Management and Complications in Nonoperative Fractures of the Tibial Spine: A systematic review


Effective options exist for acute nonoperative management of anterior tibial spine fractures, yet there exists a paucity of literature describing long-term outcomes for these patients. This systematic review thus aims to consolidate management strategies and complications for patients with nonoperative anterior tibial spine fractures. In accordance with PRISMA guidelines, 5 databases (CINAHL, MEDLINE, EMBASE, Cochrane, and Pubmed) were searched and screened in duplicate. Quality assessment was performed using the Methodological Index for Non-Randomized Studies (MINORS) criteria. Of 485 studies identified in the initial search, a total of 18 studies involving 369 patients were eligible for this review. These were stratified into 173 type I, 124 type II, and 72 type III injuries as described by Meyers and McKeever. All patients were treated with knee immobilization in either full extension or slight flexion, with possible closed reduction and/or aspiration of hemarthrosis. Complications at final follow-up comprised 33.9% of patients with persistent stiffness, 19.4% persistent instability, 11.1% mechanical symptoms, 6.37 delayed anterior cruciate ligament reconstruction, 4.9% delayed operative intervention for other complications, and 1.9% extension impingement. Given the lack of comparative studies in this review, definitive conclusions for nonoperative management are difficult to establish on the basis of the current body of literature alone. A modestly higher rate of arthrofibrosis and persistent laxity are seen in higher-grade injuries, however, only a minority of studies stratified complications by Meyers and McKeever classification in this review. A better understanding of variables in treatment decision making require further prospective study focused on the collection of functional and patient-reported outcome measures, whereas also further delineating complications by injury severity.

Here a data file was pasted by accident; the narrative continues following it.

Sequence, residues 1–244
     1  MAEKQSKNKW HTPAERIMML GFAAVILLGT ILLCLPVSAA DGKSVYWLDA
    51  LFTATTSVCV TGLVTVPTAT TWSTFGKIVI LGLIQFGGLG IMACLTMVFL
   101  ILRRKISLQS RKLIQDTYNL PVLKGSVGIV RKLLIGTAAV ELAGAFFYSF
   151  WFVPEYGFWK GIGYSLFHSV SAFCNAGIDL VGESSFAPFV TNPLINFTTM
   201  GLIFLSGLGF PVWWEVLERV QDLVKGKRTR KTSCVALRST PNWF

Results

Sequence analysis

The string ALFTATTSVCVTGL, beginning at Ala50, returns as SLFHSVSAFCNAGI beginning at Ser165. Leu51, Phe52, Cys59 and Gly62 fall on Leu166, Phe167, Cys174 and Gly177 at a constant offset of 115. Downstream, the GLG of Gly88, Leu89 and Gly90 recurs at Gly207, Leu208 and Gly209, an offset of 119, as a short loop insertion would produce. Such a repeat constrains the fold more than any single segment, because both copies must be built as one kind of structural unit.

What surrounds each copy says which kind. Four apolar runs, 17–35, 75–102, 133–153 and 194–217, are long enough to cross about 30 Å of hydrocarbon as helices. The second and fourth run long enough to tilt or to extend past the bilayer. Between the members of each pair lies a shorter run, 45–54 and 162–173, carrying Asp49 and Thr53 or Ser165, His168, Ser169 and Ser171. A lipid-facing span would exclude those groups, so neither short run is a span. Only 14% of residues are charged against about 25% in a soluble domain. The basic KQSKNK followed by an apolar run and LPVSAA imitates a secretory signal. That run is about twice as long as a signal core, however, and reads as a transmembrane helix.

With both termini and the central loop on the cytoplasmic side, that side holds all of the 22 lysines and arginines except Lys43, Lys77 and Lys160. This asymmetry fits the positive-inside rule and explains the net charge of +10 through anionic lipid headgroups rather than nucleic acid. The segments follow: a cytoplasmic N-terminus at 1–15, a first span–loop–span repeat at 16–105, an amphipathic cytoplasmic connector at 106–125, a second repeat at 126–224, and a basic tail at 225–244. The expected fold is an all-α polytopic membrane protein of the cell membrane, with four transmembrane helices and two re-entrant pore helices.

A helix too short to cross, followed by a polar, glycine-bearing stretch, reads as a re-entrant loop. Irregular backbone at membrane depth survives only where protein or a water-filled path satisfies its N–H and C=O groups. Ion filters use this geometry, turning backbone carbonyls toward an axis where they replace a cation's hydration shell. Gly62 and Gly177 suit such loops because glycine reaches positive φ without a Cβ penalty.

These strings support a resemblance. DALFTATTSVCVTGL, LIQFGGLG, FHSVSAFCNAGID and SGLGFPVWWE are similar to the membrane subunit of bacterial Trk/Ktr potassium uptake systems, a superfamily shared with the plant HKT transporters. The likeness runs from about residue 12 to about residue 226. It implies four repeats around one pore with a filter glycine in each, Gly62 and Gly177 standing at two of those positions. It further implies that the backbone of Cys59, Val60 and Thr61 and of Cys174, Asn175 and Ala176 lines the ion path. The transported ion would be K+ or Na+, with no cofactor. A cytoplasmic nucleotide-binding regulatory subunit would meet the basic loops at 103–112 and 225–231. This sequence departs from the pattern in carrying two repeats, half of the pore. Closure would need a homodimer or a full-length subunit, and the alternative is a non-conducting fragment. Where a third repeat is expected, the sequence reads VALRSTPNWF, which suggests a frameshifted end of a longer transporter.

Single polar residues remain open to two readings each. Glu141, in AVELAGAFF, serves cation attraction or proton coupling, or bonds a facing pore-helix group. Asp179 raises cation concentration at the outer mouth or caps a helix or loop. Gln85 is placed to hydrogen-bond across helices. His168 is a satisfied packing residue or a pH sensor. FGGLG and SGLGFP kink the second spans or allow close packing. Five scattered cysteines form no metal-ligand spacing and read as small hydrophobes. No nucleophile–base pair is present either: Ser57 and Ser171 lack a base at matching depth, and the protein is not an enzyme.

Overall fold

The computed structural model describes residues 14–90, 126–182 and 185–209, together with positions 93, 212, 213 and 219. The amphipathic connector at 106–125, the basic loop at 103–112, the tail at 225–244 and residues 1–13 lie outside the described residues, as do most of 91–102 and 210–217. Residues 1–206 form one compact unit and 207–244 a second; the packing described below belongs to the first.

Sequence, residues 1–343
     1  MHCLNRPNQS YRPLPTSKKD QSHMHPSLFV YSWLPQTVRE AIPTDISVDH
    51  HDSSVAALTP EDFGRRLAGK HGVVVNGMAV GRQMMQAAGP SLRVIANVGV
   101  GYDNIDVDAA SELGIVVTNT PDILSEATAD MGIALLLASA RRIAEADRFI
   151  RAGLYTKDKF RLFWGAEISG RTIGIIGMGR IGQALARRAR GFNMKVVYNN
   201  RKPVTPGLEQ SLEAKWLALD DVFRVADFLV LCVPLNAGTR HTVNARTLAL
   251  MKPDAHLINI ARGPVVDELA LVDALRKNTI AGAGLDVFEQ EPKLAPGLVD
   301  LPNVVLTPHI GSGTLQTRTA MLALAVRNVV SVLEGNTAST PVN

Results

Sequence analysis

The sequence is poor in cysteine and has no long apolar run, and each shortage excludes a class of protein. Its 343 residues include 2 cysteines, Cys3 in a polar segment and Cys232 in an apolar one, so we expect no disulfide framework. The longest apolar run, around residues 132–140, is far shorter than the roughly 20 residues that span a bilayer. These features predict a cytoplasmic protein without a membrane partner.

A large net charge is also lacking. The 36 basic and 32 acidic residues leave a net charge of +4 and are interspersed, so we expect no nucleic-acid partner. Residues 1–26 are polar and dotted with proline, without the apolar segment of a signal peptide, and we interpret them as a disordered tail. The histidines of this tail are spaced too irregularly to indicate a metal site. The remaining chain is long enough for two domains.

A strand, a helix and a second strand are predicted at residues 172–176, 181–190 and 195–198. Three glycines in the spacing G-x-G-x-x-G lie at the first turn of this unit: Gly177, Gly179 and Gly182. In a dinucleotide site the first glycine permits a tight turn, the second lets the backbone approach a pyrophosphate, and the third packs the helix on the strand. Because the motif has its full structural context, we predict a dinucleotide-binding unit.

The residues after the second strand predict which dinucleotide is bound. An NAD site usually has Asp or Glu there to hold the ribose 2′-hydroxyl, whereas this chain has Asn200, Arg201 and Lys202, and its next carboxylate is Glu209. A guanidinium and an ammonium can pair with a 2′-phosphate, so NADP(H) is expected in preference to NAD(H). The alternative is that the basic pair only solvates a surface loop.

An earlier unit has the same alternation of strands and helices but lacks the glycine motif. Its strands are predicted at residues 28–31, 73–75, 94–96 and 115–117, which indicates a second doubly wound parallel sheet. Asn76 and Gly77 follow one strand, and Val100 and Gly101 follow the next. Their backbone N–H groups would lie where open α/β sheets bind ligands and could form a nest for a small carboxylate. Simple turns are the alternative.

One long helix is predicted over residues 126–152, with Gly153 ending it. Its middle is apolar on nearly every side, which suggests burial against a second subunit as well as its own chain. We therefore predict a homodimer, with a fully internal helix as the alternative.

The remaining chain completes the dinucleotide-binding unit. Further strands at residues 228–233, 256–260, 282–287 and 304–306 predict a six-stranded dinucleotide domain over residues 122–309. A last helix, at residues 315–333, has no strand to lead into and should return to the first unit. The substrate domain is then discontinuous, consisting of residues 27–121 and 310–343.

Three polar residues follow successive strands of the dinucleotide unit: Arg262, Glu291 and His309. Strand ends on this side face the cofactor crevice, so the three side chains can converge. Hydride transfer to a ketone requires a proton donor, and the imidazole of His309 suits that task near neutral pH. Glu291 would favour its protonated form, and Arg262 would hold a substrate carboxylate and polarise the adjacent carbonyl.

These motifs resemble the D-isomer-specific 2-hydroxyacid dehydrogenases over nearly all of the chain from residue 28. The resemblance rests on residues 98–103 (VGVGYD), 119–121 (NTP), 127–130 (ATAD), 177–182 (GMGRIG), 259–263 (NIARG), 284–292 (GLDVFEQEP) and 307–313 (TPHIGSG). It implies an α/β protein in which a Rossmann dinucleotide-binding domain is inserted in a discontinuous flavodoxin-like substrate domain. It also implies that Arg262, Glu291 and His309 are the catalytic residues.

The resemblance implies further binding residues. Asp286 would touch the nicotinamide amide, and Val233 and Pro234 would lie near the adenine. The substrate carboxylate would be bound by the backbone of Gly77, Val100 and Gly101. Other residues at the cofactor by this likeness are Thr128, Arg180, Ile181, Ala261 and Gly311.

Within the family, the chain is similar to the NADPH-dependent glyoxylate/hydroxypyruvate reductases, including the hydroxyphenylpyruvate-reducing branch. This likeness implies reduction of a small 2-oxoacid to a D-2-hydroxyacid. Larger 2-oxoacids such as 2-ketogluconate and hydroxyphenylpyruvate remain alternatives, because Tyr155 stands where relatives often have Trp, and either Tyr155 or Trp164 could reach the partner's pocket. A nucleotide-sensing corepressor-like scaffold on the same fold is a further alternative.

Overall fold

Lead Researchers

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  1. Sasha Carsen

    Scientist, CHEO Research Institute

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